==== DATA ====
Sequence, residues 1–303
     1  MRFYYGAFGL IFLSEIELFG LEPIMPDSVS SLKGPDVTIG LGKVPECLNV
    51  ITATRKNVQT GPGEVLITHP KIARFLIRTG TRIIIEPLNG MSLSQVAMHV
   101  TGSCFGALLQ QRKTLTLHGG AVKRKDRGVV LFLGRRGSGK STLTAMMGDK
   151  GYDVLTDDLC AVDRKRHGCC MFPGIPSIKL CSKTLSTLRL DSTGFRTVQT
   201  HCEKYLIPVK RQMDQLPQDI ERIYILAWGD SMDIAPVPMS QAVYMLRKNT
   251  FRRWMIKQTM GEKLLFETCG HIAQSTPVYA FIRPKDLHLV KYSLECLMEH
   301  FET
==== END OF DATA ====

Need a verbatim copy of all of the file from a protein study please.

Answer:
Sequence, residues 1–303
     1  MRFYYGAFGL IFLSEIELFG LEPIMPDSVS SLKGPDVTIG LGKVPECLNV
    51  ITATRKNVQT GPGEVLITHP KIARFLIRTG TRIIIEPLNG MSLSQVAMHV
   101  TGSCFGALLQ QRKTLTLHGG AVKRKDRGVV LFLGRRGSGK STLTAMMGDK
   151  GYDVLTDDLC AVDRKRHGCC MFPGIPSIKL CSKTLSTLRL DSTGFRTVQT
   201  HCEKYLIPVK RQMDQLPQDI ERIYILAWGD SMDIAPVPMS QAVYMLRKNT
   251  FRRWMIKQTM GEKLLFETCG HIAQSTPVYA FIRPKDLHLV KYSLECLMEH
   301  FET